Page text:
Dear me! we had such a good piece of fun the other day at Colonel Forster’s… (by the bye, Mrs. Forster and me are such friends!) and so she asked the two Harringtons to come, but Harriet was ill, and so Pen was forced to come by herself; and then, what do you think we did? We dressed up Chamberlayne in woman’s clothes on purpose to pass for a lady, only think what fun!… Lord! how I laughed! and so did Mrs. Forster. I thought I should have died.

Mr. Collins, awkward and solemn, apologising instead of attending, and often moving wrong without being aware of it, gave her all the shame and misery which a disagreeable partner for a couple of dances can give. The moment of her release from him was ecstasy.

JAS-5“How is such a man to be worked on? How are they even to be discovered? I have not the smallest hope. It is every way horrible!”

Every girl in or near Meryton was out of her senses about him for the first two months; but he never distinguished her by any particular attention; and, consequently, after a moderate period of extravagant and wild admiration, her fancy for him gave way, and others of the regiment, who treated her with more distinction, again became her favourites.”
“This is a most unfortunate affair, and will probably be much talked of. But we must stem the tide of malice, and pour into the wounded bosoms of each other the balm of sisterly consolation.”

It was borne in the latter with decent philosophy. To be sure, it would have been more for the advantage of conversation had Miss Lydia Bennet come upon the town; or, as the happiest alternative, been secluded from the world, in some distant farmhouse.

From such a connection she could not wonder that he would shrink. The wish of procuring her regard, which she had assured herself of his feeling in Derbyshire, could not in rational expectation survive such a blow as this.

But how little of permanent happiness could belong to a couple who were only brought together because their passions were stronger than their virtue, she could easily conjecture.

His daughter’s request, for such it might be considered, of being admitted into her family again before she set off for the North, received at first an absolute negative.

“Miss Bennet,” replied her ladyship, in an angry tone, “you ought to know, that I am not to be trifled with…Though I know it must be a scandalous falsehood, though I would not injure him so much as to suppose the truth of it possible, I instantly resolved on setting off for this place, that I might make my sentiments known to you.”

“It ought to be so; it must be so, while he retains the use of his reason. But your arts and allurements may, in a moment of infatuation, have made him forget what he owes to himself and to all his family. You may have drawn him in.”

“Obstinate, headstrong girl! I am ashamed of you! Is this your gratitude for my attentions to you last spring? Is nothing due to me on that score? Let us sit down. You are to understand, Miss Bennet, that I came here with the determined resolution of carrying my purpose; nor will I be dissuaded from it. I have not been used to submit to any person’s whims. I have not been in the habit of brooking disappointment.”

“Their fortune on both sides is splendid. They are destined for each other by the voice of every member of their respective houses; and what is to divide them? The upstart pretensions of a young woman without family, connections, or fortune. Is this to be endured! But it must not, shall not be. If you were sensible of your own good, you would not wish to quit the sphere in which you have been brought up.”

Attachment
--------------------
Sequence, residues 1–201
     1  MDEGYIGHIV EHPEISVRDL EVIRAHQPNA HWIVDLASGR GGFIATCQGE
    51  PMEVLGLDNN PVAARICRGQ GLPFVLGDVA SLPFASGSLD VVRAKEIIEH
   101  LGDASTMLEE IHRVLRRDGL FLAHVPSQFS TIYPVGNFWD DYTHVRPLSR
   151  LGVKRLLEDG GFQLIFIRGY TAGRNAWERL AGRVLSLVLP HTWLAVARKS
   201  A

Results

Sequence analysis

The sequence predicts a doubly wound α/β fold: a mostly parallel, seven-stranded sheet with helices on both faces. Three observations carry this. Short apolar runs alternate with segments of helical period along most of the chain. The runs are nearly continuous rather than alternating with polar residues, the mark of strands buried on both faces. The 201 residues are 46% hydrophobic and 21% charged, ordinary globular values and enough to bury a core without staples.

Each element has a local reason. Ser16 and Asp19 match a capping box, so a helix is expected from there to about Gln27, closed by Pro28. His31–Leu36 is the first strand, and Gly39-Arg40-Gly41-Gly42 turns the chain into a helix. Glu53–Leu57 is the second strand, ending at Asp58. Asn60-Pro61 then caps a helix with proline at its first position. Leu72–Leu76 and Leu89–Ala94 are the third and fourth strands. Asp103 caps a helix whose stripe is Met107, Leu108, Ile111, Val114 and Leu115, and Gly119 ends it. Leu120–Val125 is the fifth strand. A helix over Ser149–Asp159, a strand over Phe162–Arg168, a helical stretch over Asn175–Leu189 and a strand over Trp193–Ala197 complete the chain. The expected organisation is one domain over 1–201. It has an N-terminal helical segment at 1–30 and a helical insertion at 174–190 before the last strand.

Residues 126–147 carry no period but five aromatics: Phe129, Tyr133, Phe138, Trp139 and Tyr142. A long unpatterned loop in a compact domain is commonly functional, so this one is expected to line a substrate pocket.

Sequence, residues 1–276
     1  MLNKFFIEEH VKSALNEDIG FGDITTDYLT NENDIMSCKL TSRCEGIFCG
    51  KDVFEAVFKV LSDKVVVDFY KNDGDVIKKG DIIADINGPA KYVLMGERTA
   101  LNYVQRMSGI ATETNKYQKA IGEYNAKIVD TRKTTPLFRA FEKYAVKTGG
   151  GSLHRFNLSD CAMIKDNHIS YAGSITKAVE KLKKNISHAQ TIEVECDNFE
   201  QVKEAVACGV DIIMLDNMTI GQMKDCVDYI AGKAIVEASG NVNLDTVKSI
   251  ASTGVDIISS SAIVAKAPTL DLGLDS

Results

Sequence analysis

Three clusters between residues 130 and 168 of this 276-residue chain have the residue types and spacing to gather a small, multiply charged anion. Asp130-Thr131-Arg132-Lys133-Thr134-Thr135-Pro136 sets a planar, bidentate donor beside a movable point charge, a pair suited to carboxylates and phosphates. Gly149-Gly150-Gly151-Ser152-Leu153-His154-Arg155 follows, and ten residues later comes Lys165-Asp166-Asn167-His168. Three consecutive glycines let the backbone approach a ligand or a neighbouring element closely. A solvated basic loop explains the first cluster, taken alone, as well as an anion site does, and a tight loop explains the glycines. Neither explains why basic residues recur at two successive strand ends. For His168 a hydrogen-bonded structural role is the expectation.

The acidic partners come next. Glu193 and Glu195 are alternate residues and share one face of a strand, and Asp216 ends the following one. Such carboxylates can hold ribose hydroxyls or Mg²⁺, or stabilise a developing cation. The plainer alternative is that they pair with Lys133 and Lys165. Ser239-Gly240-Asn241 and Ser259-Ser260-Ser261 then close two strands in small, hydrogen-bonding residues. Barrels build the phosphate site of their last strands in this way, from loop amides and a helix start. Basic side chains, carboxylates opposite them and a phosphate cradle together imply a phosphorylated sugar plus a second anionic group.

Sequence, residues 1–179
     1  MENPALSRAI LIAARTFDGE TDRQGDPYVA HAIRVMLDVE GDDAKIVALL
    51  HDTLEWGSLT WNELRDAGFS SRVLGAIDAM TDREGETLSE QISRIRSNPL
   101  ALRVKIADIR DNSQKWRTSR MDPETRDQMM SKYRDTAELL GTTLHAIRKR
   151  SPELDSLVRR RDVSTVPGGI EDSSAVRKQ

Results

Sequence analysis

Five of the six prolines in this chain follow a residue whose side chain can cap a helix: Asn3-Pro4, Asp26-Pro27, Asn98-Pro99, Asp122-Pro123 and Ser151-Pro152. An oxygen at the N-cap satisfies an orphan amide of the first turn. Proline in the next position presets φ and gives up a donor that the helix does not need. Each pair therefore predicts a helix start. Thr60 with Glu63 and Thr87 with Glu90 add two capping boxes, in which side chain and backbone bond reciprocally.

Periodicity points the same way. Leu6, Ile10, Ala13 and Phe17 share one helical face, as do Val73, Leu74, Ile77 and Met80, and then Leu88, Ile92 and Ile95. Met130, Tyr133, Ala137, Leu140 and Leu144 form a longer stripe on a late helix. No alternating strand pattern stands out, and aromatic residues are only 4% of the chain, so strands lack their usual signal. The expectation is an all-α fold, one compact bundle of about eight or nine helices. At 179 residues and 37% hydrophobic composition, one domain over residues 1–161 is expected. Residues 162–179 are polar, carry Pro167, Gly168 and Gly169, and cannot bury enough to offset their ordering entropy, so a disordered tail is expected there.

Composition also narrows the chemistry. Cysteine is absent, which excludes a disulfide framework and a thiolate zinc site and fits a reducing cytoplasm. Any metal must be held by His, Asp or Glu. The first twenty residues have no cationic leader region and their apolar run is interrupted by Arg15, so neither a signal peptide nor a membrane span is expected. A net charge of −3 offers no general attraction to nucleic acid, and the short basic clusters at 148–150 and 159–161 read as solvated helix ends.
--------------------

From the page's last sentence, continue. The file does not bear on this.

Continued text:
“Miss Bennet I am shocked and astonished. I expected to find a more reasonable young woman. But do not deceive yourself into a belief that I will ever recede.

I am no stranger to the particulars of your youngest sister’s infamous elopement. I know it all; that the young man’s marrying her was a patched-up business, at the expence of your father and uncles. And is such a girl to be my nephew’s sister? Is her husband, is the son of his late father’s steward, to be his brother? Heaven and earth!of what are you thinking? Are the shades of Pemberley to be thus polluted?”

Do not imagine, Miss Bennet, that your ambition will ever be gratified. I came to try you. I hoped to find you reasonable; but, depend upon it, I will carry my point.”

“I take no leave of you, Miss Bennet. I send no compliments to your mother. You deserve no such attention. I am most seriously displeased.”

Highly. highly favourable. highly interesting. highly admired. highly esteemed. highly incensed


The rest of his letter is only about his dear Charlotte’s situation, and his expectation of a young olive-branch. But, Lizzy, you look as if you did not enjoy it. You are not going to be missish, I hope, and pretend to be affronted at an idle report. For what do we live, but to make sport for our neighbours, and laugh at them in our turn?”

JAS-4I can easily believe it. You thought me then devoid of every proper feeling, I am sure you did. The turn of your countenance

About the middle of the next day, as she was in her room getting ready for a walk, a sudden noise below seemed to speak the whole house in confusion; and, after listening a moment, she heard somebody running up stairs in a violent hurry, and calling loudly after her. She opened the door and met Maria in the landing place, who, breathless with agitation, cried out—”Oh, my dear Eliza! pray make haste and come into the dining-room, for there is such a sight to be seen! *Susanna’s note: I don’t believe “afternoon” was used.